Political Parties and the Tax Level in the American states: Two Regression Discontinuity Designs
Do parties matter? Yes, but not in the usual way we tend to think of them: big government Democrats and small government Republicans. Our first regression discontinuity design shows that whether the majority in the House of Representatives is Republican or Democratic does not affect the tax level. This surprising result goes against the recent literature in political economy. We then perform another regression discontinuity design in which we find that whether a government is aligned (both the Governor and the majority in the state House belong to the same party) or divided (they belong to different parties) does have an effect on the tax level. Taxes are higher when the government is aligned.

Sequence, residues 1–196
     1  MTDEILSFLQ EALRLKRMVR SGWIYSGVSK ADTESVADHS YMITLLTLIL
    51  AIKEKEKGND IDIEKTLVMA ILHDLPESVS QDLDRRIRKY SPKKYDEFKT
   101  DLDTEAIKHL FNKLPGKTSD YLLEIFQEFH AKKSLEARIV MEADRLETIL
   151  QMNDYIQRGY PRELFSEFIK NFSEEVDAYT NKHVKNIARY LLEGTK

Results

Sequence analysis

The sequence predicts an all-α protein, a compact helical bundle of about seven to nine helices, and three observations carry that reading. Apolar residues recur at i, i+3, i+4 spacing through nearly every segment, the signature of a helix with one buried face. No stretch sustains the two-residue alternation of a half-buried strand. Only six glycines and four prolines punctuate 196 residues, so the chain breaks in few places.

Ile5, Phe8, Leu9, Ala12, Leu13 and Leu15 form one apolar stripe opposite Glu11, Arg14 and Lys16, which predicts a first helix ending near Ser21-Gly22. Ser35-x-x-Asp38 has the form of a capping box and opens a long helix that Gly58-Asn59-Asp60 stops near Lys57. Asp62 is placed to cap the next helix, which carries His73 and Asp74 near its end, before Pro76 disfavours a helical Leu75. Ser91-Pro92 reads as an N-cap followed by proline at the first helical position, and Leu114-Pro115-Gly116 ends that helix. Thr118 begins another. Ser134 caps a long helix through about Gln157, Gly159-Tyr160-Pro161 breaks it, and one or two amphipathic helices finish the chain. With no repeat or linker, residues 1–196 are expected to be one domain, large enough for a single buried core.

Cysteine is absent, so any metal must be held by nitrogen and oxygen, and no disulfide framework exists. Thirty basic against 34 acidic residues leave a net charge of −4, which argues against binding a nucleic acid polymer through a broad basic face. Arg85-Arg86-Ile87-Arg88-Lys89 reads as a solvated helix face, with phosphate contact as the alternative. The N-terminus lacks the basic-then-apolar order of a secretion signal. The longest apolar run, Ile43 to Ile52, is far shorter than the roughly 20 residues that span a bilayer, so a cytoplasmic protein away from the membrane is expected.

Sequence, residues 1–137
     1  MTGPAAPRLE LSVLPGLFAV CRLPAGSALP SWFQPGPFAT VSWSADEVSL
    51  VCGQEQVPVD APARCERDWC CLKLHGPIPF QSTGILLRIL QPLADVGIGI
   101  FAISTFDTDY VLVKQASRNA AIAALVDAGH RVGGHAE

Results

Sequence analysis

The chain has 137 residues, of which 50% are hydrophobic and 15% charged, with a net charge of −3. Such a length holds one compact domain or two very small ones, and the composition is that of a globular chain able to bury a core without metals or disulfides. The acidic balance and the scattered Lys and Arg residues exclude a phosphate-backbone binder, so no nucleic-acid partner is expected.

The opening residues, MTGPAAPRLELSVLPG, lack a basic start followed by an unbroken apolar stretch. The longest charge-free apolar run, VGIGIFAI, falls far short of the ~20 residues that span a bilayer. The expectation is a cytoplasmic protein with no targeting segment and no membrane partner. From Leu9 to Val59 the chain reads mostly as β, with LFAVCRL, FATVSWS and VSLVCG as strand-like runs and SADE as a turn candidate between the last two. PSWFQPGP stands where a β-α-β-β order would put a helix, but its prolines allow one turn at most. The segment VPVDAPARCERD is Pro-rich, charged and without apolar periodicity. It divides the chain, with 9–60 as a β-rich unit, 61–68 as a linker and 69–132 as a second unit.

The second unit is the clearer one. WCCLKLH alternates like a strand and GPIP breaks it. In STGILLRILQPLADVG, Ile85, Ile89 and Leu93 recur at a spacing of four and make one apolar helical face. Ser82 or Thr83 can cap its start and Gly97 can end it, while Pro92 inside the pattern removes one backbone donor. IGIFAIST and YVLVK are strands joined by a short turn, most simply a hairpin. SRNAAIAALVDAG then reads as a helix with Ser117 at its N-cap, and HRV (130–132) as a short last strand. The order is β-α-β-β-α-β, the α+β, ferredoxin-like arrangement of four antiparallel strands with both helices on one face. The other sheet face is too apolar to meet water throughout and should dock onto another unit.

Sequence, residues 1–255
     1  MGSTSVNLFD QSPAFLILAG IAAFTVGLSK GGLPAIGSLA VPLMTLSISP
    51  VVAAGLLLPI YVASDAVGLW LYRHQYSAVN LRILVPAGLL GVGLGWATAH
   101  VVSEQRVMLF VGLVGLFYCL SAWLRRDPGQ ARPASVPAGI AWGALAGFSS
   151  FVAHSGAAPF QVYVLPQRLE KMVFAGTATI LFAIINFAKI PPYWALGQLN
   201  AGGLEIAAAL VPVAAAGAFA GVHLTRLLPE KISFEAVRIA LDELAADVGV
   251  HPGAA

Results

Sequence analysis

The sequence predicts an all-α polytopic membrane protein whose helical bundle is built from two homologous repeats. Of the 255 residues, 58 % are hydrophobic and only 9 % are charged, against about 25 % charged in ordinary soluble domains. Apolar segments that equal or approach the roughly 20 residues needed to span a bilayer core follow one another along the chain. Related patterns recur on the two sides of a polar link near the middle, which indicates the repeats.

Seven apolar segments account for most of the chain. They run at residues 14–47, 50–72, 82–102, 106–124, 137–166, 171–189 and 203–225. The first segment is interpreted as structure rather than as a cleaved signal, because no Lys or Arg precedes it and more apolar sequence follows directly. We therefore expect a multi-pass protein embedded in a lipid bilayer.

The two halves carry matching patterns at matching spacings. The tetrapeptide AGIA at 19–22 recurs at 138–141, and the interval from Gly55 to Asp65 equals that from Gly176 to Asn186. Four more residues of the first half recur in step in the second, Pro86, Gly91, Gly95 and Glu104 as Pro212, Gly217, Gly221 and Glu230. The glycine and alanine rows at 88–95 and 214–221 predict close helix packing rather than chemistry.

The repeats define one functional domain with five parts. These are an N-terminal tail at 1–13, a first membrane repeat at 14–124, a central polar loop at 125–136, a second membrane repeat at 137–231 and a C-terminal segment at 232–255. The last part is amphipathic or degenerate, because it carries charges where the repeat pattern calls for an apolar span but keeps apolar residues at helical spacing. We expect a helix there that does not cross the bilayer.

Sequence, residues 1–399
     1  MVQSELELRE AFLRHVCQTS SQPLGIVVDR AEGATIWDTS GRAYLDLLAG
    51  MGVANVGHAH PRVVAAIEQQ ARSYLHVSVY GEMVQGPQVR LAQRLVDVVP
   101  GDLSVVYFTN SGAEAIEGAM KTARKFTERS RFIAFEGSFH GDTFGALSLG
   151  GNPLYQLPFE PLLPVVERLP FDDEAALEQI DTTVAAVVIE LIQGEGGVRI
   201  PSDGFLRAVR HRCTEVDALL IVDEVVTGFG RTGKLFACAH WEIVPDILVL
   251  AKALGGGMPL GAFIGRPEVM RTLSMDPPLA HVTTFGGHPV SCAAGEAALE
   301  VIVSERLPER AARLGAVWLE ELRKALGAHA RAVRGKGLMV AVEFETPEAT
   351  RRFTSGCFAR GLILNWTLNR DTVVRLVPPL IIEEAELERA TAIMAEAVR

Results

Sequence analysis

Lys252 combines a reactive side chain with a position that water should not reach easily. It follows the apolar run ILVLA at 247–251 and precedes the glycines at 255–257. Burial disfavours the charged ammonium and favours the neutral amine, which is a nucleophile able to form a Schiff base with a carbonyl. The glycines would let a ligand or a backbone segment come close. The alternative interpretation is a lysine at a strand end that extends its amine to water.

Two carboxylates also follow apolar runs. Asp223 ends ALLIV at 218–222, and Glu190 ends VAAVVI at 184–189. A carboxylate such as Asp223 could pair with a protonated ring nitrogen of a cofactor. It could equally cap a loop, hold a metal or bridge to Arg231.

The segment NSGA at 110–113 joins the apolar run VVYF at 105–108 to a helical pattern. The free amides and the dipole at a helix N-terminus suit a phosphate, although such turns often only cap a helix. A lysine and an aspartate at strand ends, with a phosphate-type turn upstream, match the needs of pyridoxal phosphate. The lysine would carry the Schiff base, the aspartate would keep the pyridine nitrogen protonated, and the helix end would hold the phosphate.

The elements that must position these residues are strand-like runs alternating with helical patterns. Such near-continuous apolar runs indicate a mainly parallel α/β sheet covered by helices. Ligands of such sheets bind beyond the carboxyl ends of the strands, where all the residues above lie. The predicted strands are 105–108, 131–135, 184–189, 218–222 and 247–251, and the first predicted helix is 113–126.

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- Albert Solé-Ollé & Pilar Sorribas-Navarro, 2006.
"The Effects of Partisan Alignment on the Allocation of Intergovernmental Transfers. Differences-in-Differences Estimates for Spain,"
CESifo Working Paper Series
1855, CESifo Group Munich.
- Solé-Ollé, Albert & Sorribas-Navarro, Pilar, 2008. "The effects of partisan alignment on the allocation of intergovernmental transfers. Differences-in-differences estimates for Spain," Journal of Public Economics, Elsevier, vol. 92(12), pages 2302-2319, December.
- Albert Solé-Ollé & Pilar Sorribas-Navarro, 2006. "The effects of partisan alignment on the allocation of intergovernmental transfers. Differences-in-differences estimates for Spain," Working Papers 2006-09, University of Kentucky, Institute for Federalism and Intergovernmental Relations.
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